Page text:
Editor’s Note: One the blogs I follow the most faithfully is Kingdom People by Trevin Wax. This powerfully, insightful blog was posted this week on Gospel Coalition . It IS worth your time. It may provoke you to return to the story of the Pharisee going to temple to pray. Are we more like him than we realize?
A few weeks ago, I had lunch with a church planter from New England. On a regular basis, people call the church and ask him if they are “welcoming.”
He told me the conversation usually goes like this:
Pastor: We welcome everyone to join us in worship.
Caller: Are you welcoming to gays and lesbians?Pastor: Yes, anyone and everyone is welcome.
Caller: What I mean is, are you welcoming and affirming? I’m a lesbian and I want to know if I will be expected to change in order to come to your church.
Pastor: Anyone is welcome to come to our church. But when we meet Jesus—really experience him—we change. No one gets an opt-out of that. No one comes to Jesus and gets to stay the same.Caller: Would I have to change my sexuality?
Pastor: Jesus is in the business of changing everything about us – our sexuality, our relationship to others, our money, our desires, and just about any aspect you can think of. So yes, coming to Jesus means change – not just for you, but for all of us.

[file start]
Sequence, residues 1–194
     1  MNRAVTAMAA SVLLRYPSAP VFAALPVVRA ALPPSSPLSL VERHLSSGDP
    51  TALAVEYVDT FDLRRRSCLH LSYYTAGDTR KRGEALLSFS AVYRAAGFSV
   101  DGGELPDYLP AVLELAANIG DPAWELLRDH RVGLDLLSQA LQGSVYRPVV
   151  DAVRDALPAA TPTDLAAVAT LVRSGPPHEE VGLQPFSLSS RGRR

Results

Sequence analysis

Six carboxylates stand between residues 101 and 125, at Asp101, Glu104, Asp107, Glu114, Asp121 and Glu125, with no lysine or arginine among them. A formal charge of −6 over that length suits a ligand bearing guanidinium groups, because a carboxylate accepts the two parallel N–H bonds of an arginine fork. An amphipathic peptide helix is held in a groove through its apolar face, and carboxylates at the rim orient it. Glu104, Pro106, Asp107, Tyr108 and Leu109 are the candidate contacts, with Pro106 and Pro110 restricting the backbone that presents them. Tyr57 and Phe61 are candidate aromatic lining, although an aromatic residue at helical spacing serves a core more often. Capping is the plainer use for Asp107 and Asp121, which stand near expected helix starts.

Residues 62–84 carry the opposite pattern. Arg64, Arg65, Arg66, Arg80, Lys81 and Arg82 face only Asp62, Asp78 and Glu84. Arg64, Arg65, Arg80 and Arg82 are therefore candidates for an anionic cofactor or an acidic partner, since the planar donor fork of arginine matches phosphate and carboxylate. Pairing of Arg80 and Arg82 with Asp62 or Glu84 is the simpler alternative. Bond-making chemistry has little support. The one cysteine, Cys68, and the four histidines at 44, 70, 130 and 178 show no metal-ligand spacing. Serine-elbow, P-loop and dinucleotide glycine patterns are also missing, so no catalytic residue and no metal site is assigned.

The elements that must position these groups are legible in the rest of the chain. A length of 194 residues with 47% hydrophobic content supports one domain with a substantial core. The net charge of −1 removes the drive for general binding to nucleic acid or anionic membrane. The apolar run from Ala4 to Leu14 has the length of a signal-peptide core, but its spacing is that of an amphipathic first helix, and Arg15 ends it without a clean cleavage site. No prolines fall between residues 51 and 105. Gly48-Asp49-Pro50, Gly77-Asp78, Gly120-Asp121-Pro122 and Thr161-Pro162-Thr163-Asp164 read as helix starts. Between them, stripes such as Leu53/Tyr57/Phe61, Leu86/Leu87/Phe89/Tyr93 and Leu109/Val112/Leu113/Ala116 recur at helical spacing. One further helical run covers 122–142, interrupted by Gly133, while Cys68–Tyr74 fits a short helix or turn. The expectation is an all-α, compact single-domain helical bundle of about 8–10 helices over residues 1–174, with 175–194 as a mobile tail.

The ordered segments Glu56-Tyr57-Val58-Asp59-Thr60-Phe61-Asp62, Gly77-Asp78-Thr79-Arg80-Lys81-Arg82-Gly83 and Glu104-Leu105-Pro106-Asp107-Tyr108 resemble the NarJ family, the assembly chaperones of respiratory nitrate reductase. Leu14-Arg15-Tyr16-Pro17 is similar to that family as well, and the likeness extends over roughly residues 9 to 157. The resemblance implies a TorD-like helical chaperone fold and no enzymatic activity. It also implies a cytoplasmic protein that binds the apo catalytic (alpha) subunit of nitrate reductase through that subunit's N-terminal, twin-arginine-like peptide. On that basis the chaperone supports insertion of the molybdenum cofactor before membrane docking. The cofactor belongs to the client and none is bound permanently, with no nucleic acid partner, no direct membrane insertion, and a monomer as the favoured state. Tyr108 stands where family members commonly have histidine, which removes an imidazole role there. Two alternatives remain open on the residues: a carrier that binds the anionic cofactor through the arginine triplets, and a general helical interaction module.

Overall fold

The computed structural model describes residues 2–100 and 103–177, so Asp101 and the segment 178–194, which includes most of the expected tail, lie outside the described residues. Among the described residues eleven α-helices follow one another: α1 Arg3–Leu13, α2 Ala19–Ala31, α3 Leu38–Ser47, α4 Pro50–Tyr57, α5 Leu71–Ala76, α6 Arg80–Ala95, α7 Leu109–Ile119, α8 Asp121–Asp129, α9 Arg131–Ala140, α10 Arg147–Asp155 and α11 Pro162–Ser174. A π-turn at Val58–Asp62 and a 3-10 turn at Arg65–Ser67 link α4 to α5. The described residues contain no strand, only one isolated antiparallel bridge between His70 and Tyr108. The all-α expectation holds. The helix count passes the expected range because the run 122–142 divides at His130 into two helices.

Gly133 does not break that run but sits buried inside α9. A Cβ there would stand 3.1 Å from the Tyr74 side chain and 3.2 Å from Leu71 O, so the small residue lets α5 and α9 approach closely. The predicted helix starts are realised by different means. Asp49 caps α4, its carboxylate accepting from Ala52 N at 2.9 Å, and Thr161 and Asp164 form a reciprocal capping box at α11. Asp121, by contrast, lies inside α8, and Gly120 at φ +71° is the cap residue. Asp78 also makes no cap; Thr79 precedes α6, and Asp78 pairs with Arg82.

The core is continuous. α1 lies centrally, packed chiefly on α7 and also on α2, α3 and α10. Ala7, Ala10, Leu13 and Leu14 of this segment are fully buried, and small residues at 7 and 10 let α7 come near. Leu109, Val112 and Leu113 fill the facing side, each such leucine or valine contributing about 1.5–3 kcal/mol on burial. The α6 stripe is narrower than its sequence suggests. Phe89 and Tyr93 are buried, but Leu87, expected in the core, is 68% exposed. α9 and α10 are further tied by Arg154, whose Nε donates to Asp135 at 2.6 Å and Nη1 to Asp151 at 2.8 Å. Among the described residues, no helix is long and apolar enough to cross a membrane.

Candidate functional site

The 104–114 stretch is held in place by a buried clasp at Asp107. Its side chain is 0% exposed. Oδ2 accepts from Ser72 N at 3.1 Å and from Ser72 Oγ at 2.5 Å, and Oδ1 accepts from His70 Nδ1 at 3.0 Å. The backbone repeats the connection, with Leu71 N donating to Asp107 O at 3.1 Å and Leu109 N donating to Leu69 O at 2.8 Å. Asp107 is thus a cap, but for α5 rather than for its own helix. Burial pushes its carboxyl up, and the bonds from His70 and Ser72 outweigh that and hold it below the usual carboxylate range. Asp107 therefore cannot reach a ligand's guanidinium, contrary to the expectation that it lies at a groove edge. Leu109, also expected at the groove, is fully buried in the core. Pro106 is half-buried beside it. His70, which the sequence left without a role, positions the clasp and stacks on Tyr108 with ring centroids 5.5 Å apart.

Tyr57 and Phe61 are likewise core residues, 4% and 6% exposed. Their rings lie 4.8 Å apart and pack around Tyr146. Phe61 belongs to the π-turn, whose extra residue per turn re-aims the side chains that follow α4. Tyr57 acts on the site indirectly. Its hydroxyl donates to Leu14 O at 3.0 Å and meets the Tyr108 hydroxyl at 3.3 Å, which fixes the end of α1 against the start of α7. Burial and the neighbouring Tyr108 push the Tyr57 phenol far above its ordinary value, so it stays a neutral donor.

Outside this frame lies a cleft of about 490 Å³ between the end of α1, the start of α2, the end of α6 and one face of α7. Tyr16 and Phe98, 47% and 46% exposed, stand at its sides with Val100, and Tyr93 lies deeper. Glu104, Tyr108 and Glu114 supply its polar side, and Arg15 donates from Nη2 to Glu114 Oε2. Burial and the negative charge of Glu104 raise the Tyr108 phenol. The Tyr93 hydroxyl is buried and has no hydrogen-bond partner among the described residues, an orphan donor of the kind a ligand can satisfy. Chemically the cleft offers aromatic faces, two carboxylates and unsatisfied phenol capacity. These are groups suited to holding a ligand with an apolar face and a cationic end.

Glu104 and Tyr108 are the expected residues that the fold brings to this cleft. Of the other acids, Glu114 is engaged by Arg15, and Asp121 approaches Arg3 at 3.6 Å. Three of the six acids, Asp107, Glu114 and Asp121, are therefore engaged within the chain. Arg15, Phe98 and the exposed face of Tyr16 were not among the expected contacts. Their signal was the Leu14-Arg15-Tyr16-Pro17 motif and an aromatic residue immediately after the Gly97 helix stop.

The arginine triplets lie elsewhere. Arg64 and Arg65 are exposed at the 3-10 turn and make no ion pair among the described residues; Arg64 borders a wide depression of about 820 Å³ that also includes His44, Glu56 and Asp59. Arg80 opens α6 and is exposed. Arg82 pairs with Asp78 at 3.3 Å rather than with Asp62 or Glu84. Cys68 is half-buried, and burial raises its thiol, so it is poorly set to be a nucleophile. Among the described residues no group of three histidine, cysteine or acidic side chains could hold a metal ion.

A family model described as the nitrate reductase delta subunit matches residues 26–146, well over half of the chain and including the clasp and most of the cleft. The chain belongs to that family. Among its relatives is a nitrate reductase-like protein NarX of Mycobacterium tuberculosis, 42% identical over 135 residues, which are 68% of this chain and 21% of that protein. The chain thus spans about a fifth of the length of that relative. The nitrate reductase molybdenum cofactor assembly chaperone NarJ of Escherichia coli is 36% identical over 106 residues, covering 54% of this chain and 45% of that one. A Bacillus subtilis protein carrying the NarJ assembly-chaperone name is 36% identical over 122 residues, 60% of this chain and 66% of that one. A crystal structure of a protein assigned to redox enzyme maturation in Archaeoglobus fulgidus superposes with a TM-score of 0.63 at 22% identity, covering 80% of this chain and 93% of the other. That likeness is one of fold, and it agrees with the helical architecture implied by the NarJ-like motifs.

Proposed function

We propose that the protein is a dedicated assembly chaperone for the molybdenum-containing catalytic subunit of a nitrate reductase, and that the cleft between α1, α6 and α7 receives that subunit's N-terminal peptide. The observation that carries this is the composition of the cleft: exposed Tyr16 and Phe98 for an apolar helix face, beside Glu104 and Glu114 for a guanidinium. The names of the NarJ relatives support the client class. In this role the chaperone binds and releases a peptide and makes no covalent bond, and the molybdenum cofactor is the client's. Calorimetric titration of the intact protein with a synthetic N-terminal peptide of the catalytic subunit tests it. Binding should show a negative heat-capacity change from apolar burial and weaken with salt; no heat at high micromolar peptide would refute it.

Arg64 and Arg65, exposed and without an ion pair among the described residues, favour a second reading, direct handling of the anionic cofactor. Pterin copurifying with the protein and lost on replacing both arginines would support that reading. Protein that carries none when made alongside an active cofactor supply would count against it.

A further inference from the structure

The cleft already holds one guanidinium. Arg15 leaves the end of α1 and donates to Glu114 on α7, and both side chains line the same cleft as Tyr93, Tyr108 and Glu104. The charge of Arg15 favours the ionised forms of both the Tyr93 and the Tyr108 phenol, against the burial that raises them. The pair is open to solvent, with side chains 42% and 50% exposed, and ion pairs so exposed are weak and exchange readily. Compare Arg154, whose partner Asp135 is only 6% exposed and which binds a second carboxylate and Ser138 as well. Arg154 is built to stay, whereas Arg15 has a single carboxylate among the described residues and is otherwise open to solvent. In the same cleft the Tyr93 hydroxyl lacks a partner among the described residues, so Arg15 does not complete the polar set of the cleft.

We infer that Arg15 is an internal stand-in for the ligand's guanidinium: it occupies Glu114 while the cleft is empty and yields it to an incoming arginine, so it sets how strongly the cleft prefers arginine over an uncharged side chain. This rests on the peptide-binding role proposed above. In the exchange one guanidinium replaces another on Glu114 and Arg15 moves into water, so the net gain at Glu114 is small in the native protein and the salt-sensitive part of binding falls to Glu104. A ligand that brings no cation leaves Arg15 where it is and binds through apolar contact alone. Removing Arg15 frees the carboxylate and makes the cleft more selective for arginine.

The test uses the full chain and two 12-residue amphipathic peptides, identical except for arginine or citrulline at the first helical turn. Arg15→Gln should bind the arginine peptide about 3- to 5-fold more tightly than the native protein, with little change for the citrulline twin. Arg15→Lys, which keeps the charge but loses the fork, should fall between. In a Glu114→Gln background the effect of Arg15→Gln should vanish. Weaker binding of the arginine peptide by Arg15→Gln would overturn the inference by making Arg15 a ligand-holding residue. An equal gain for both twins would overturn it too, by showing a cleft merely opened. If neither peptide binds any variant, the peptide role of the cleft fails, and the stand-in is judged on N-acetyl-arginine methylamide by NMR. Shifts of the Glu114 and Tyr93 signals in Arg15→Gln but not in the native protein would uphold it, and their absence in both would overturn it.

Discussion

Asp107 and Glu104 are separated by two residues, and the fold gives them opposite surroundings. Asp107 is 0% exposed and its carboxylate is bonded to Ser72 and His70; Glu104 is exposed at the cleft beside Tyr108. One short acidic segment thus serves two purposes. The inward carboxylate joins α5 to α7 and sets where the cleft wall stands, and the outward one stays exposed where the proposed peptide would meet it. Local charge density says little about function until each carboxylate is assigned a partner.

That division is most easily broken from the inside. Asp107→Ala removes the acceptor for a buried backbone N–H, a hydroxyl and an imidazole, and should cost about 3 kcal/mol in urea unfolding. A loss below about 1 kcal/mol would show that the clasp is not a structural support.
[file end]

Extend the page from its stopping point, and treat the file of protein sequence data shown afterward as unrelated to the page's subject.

My friend said the conversation is usually over once the caller realizes the church holds to traditional teaching regarding sexuality. He told me he always shakes his head and thinks, Who do we think we are, that we can come to God and tell Him what we will and will not change? You and I are like the lesbian caller.
Thinking about that phone call and the demands that were made before she would come to church led me to reflect on the nature of repentance and the ways – even if we don’t want to admit it – we are all like the lesbian caller. We want to be affirmed as we are.
If I join your church, will I be expected to change my prejudice and bigotry toward those of different races? I want a church where people look and think like me.
If I join your church, will I be expected to change my living arrangements? I know cohabitation isn’t best, but I don’t want the church prying into my personal life.
If I join your church, will I be expected to reach out to lost people with the gospel? I don’t want a church that’s always harping on evangelism.
If I join your church, will I be expected to give generously? I don’t want a church that talks about money too much.
If I join your church, will I be expected to serve? I’ve got a lot going on, and aside from a few hours a week, my schedule is off limits.
The list could go on. At the heart of this conversation is repentance. Can I come to Jesus on my own terms? Or will I have to change?
So many of us think of the lesbian caller and unknowingly respond like the Pharisee going to the temple to pray: “I thank you, God, that I’m not like that.” Meanwhile, we cling tenaciously to the sinful attitudes and actions that characterize our lives. And then we go home unjustified … and unchanged.
Published October 4, 2013